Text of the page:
Urban Cinefile
"There was a certain kind of joy in the way that the Martians just come and smash everything up. "  -Jonathan Gems, writer, Mars Attacks!
 The World of Film in Australia - on the Internet Updated Friday December 13, 2019 

Printable page PRINTABLE PAGE



It’s Christmas, and the family is coming together – but only physically. Andrew L. Urban reports on the new Australian film that cremates the image of the family ‘barbie’.

With Crackers, Melbourne comedian David Swann sought to inject freshness and spontaneity into his script: "The essence of good film writing," he says, "is brevity; condensing things to the essence. Whereas theatre is 90 per cent dialogue, cinema is more visual. So I redrafted a lot to write out the cliches, searching for how I could find the freshness in the cliches, the uniqueness of the characters, especially in the dialogue."

Making his feature film debut, 13 year old Daniel Kellie plays great grandson to Warren Mitchell’s character, Albert, who is Scottish – and highly effective at troublemaking.

Shot in Melbourne between April and June last year, the comedy is produced by Chris Warner and photographed by Laszlo Baranyai, with Peter Rowsthorn, Susan Lyons, Maggie King, Terry Gill, Valerie Bader and Chris Chapman in supporting roles.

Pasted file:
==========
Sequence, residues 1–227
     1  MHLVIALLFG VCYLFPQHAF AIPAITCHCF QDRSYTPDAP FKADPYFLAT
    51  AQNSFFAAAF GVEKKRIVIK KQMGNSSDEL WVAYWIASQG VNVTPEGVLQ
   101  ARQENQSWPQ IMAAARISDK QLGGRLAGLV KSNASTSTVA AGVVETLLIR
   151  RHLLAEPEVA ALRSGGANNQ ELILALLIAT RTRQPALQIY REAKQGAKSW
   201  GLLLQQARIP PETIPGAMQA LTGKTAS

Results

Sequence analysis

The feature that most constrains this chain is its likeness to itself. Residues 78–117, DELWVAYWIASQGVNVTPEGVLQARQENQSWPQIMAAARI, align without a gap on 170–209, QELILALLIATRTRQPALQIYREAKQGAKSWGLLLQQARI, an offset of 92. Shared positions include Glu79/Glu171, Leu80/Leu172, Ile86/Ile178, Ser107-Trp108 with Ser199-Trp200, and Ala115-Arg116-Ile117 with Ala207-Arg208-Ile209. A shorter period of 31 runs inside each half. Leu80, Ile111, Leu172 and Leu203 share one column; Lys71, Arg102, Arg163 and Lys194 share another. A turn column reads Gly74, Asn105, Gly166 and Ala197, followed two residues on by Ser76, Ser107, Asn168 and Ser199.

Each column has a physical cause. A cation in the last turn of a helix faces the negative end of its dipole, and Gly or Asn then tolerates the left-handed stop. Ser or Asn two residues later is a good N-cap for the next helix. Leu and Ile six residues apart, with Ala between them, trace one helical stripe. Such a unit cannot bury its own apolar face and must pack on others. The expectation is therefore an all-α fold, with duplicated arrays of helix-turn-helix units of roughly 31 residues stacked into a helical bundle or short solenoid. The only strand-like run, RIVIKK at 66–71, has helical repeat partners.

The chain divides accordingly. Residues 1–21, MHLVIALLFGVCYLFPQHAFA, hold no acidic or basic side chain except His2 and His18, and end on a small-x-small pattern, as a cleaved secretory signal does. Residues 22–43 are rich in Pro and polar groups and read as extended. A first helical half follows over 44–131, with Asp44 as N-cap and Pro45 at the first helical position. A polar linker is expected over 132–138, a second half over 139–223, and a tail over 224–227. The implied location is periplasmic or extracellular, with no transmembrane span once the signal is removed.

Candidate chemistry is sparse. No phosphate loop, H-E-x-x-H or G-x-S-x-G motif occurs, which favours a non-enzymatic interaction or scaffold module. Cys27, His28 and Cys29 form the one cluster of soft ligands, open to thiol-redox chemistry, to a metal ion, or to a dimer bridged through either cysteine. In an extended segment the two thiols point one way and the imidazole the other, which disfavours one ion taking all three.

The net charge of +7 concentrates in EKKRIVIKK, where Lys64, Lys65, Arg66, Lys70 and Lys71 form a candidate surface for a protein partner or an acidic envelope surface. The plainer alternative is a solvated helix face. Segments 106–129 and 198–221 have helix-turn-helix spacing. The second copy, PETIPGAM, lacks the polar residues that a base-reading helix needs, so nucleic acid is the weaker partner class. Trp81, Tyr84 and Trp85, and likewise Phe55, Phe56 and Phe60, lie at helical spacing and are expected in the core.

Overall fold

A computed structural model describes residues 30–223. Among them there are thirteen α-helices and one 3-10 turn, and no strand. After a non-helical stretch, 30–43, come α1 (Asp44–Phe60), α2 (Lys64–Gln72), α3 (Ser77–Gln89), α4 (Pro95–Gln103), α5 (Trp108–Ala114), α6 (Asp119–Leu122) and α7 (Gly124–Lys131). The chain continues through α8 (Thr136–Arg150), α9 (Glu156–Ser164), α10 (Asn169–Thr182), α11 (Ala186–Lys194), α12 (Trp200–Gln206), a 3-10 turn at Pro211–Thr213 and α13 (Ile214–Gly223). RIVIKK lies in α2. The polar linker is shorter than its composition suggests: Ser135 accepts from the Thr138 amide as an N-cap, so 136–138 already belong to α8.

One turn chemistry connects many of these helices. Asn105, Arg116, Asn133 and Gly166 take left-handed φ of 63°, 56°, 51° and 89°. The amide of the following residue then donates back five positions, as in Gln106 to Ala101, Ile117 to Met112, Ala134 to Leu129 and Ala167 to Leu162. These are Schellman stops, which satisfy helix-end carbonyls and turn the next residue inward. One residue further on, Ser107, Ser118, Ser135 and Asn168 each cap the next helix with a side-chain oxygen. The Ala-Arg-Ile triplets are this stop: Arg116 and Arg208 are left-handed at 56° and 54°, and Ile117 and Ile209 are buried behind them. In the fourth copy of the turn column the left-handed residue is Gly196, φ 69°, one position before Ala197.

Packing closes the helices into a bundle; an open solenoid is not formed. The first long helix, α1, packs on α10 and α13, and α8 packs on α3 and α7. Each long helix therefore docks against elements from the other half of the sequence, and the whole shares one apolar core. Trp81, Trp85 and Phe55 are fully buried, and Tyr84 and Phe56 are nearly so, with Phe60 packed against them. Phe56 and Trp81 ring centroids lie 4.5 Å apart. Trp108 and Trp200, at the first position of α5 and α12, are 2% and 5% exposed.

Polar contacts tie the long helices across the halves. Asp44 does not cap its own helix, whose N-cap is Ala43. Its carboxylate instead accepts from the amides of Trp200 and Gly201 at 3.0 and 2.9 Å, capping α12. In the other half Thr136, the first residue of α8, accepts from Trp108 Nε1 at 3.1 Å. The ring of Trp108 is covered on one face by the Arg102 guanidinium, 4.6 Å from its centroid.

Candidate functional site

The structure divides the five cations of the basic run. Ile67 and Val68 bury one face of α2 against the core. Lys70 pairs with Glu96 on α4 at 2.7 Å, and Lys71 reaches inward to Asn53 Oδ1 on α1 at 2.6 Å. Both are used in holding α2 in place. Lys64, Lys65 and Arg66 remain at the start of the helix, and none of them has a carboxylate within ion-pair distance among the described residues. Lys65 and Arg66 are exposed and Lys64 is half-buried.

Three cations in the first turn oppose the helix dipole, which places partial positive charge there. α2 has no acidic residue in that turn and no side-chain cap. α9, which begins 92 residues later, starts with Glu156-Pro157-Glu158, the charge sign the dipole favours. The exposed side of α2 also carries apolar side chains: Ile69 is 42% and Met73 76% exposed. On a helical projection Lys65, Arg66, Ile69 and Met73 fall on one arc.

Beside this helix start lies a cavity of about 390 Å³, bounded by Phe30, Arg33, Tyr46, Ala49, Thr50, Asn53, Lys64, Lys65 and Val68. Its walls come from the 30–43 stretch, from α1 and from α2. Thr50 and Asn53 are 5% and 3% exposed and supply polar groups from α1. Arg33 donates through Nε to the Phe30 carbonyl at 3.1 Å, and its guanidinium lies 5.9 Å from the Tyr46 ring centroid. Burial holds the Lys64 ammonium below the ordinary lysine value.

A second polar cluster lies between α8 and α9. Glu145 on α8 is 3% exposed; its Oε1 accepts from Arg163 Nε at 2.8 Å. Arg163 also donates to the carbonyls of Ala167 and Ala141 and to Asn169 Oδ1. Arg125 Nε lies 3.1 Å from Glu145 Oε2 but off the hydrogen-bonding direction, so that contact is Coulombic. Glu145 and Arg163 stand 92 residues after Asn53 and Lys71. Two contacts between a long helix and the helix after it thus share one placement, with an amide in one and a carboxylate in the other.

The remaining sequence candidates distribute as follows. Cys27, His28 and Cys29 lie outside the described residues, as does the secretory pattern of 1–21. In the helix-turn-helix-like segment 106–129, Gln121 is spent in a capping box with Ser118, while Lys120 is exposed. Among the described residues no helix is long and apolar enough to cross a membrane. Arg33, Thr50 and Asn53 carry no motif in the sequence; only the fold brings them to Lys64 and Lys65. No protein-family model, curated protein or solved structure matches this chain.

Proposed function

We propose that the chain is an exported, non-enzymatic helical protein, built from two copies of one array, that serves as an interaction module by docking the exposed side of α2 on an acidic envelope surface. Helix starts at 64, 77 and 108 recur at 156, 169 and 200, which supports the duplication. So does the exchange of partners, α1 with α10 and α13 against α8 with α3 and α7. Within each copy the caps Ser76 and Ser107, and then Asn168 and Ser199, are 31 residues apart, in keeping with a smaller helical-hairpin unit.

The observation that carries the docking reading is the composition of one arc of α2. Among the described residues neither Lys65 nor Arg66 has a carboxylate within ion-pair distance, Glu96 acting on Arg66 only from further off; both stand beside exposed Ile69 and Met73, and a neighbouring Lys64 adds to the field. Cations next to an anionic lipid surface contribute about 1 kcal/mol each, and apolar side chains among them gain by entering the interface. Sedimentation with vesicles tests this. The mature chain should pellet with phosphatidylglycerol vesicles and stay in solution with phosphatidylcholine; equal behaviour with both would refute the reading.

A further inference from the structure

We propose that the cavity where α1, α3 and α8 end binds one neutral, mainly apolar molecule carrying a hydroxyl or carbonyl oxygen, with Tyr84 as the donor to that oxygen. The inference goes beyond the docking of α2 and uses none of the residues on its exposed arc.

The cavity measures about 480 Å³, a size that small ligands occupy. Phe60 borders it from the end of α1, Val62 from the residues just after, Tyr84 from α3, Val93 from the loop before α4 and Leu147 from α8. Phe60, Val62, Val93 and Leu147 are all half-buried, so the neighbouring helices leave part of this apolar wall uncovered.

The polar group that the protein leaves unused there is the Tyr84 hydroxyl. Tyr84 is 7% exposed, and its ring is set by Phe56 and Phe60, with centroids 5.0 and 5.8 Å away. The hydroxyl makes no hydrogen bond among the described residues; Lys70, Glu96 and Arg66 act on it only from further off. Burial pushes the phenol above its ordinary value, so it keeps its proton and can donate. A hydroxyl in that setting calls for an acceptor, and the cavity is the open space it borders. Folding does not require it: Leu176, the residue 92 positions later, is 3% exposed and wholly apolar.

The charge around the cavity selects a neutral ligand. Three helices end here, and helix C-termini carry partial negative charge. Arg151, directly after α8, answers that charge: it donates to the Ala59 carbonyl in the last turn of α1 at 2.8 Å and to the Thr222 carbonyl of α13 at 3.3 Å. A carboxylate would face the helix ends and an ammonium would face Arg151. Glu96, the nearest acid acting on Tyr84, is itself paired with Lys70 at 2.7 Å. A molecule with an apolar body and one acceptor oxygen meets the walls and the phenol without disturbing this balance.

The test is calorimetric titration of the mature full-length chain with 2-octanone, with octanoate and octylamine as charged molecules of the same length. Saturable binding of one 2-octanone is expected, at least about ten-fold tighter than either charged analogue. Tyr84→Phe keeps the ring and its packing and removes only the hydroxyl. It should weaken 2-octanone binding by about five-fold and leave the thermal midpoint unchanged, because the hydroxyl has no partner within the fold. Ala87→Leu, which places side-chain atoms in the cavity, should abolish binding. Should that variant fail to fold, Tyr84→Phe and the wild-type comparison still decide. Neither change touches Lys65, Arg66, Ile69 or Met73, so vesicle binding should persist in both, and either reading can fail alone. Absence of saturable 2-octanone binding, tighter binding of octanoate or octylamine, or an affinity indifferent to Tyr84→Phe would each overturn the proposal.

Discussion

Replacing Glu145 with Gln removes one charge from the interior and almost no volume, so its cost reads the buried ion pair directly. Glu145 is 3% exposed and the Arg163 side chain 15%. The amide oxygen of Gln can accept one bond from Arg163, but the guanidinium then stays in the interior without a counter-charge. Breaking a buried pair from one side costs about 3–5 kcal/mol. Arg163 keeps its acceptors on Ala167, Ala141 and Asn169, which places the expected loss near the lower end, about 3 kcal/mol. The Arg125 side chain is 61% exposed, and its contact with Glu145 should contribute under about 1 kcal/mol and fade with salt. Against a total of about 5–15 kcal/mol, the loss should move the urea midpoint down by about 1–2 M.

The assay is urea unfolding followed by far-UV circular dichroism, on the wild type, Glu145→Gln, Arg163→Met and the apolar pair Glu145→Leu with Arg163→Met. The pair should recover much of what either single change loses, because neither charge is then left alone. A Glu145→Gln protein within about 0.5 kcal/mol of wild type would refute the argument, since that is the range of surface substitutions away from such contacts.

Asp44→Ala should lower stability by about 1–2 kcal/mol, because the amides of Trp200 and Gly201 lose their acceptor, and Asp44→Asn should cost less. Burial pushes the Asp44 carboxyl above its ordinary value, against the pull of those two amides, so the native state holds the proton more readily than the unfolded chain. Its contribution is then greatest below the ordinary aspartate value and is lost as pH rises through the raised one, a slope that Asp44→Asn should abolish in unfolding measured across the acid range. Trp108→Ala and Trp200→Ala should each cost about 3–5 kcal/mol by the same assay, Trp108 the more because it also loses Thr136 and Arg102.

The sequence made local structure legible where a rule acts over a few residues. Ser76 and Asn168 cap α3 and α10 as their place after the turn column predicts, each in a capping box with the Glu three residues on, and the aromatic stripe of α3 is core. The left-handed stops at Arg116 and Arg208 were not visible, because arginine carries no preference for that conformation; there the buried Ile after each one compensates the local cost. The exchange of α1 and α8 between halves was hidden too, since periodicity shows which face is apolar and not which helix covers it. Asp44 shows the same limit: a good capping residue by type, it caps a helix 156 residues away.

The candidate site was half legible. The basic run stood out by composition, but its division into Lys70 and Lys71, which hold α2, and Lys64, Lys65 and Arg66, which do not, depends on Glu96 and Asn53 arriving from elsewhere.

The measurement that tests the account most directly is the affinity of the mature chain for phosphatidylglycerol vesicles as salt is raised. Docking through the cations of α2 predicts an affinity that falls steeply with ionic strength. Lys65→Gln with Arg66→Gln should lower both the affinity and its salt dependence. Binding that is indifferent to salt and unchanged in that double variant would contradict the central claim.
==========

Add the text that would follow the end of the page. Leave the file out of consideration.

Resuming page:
Funded by the Film Finance Corporation and Film Victoria, with distribution deals from Beyond Films for international, Sharmill Films for Australia, and a presale to pay-tv channel, The Movie Network, Family Crackers is a mid budget film with the appearance of a family movie.

Despite this, Crackers is not aimed at family audiences, with drug references, some strong language and a couple of sex scenes, "but the truth is, kids will go," says Warner. That is cited as a possible reason why "the hardest thing was to lock in the Australian distribution," Warner says. "It’s not a kids’ film…there are some serious emotions dealt with. It’s a comedy with heart, about Joey, this 13 year old who saw his dad die in a plane crash. His mum wants to remarry, but Joey attempts to sabotage the new family. It’s about how ultimately he comes to terms with it through his friendship with his great grandfather, all during one crazy Christmas. Underneath, it’s quite a serious story, with large scale comic mayhem - that’s David Swann’s form of comedy. The characters are real and they go through real experiences."

Natalie Miller of Sharmill says "people obviously want entertainment and this is certainly that." In early screenings in Melbourne, test audiences howled with laughter, especially at the blackest bits. Miller has pledged the biggest national release she has ever undertaken on a film, with 58 prints.

Email this article


© Urban Cinefile 1997 - 2020